Comments about ‘What's next for 'Jeopardy!' computer?’

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Published: Wednesday, Feb. 16 2011 11:51 p.m. MST

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Pete1215
Lafayette, IN

Watson 1.0 is not a threat to top-tier human intellects. But what about the other 90% of We The People?

BlameItOnTheOfficials
Cottonwood Heights, UT

Maybe the University of Utah can hire Watson as their next Basketball coach.. the team has a lot of questions that need to be answered.

Third try screen name
Mapleton, UT

I thought the show was an infomercial for IBM. Sad really.
You can't call it a fair fight.
First of all, let's limit Watson to 200 pounds of gear.
Then, make it get input from the stage cues, just like the others.
1) Recognize that it is question time.
2) LOOK at the question.
3) Listen to the question.
4) THEN search for an answer.
It was spoon-fed the questions and had a quick response time. Nothing new was displayed after the first round.

Eileen
Edmonton, Alberta

Humans can love, show compassion, and repent. I think we still have the most important bases covered. I'm glad my car can get down the road faster than I can on foot. Let the machines do some things faster.

ute alumni
Tengoku, UT

boring. not fun to watch.....a real dud

GuitarGuy
Layton, UT

I thought it was really fascinating how Watson was able to answer some of the wordplay questions as well as the purely fact-based ones. That, for me, was the real accomplishment.

It was not terribly impressive that Watson was able to buzz in faster than its human counterparts. It's no secret that machines have faster reflexes than people do. It wasn't "smarter" than Ken or Brad, either, just faster. It would have been mind-blowingly amazing if Watson had been able to respond to the verbal cues, rather than receiving the questions in text format.

And, like someone said before, it was CLEARLY a three-day infomercial for IBM. Especially when they kept flashing the camera on the smug executives applauding in the audience. They knew dang well that Watson would win this tournament convincingly, otherwise they never would have agreed to it. They made sure the deck was stacked in their favor so they wouldn't lose any face on national television.

Still, it was fun to see Ken behind the podium again. He manages to be incredibly smart and funny without being a complete ODDBALL like Brad Rutter.

2 bits
Cottonwood Heights, UT

My problem with the show was that it was setup for the machine to win.

It emphasized the area that machines excelled at... and humans are notoriously not so good at (speed of data retrieval).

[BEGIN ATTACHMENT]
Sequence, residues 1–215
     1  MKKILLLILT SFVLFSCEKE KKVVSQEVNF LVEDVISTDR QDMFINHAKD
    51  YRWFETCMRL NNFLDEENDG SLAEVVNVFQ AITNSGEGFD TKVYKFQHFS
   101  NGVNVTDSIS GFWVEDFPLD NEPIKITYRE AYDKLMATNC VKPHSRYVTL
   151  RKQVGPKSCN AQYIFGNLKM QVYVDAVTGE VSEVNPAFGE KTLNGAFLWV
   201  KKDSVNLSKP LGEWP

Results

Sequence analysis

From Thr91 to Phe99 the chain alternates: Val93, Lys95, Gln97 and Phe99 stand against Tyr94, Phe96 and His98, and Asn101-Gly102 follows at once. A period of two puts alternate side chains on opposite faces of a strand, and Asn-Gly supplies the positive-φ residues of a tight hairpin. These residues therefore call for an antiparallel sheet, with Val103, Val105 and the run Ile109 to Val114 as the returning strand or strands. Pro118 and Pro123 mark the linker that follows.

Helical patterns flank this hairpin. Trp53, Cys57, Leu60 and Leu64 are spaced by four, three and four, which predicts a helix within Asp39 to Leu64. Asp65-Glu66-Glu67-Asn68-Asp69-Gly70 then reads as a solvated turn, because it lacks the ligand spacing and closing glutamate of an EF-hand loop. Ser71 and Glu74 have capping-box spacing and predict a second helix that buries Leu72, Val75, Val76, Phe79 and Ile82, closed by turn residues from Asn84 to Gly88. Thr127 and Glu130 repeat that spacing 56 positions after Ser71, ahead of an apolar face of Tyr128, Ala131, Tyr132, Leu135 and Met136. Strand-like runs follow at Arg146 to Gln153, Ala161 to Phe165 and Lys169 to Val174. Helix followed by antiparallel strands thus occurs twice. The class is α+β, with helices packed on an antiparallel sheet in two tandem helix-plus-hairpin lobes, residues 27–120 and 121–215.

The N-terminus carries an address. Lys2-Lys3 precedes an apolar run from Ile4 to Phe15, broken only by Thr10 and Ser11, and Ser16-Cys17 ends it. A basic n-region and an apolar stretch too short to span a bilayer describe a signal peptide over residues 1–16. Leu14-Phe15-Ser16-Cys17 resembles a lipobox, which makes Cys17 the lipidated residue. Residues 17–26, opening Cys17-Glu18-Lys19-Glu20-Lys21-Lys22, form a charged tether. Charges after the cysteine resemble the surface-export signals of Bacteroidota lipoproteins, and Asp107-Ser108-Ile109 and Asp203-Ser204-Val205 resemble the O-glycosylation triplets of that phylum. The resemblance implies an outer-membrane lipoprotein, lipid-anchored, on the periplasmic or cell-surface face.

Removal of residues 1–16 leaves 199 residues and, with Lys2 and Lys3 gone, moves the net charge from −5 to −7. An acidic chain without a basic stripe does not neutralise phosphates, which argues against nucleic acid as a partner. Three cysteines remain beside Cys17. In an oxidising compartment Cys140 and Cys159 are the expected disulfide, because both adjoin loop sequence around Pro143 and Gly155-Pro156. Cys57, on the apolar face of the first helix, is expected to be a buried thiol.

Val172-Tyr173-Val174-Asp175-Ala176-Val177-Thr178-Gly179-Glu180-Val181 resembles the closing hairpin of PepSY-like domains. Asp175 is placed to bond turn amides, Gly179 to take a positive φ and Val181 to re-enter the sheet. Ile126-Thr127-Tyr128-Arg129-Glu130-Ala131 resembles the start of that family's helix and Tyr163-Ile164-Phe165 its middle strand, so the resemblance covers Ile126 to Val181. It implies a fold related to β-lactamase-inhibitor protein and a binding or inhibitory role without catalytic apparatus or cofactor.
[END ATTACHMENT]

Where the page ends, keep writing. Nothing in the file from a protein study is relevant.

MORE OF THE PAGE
The game also penalizes for being wrong... and for the machine everything is binary right-or-wrong... so it would not buzz in when it had a HUNCH that it knew the answer... thus avoiding the tendency to get points/money taken away (which is what dooms most Jeopardy contestants when the competition is tough).

Getting the edge in this game sometimes requires going with your hunches... but computers don't have hunches. They wither know the answer or they don't. When the competition gets hot and forces you to go with more hunches... the humans have a distinct disadvantage because they will have a tendency to guess (the computer never guesses, and never feels the heat of the competition... so it won't tend loose points on guesses like a human).

It was interesting entertainment, but in the end irrelevant to real_life.

Ask_HAL_how_he_feels_about_puppies... or to identify the smell of spring flowers or the sound of rustling leaves.... not his advantage.

Moracle
Blackshear, GA

The way I see it, Watson had the advantage in response time. If it had been programmed to allow a delay of the time it takes a human to press the button, after recognition of the answer, the contest would have been more fair.

The humans probably knew most of the answers, but couldn't presss the button faster than electricity could trigger a response.

I think it was really a contest between the speed of electricity in computer circuits and the speed of human neuological and physical response and reaction to input -- not a contest of knowledge.

There's no way the humans could have beat the speed of electricity, even if the computer recognized the answer nanoseconds after the humans did.

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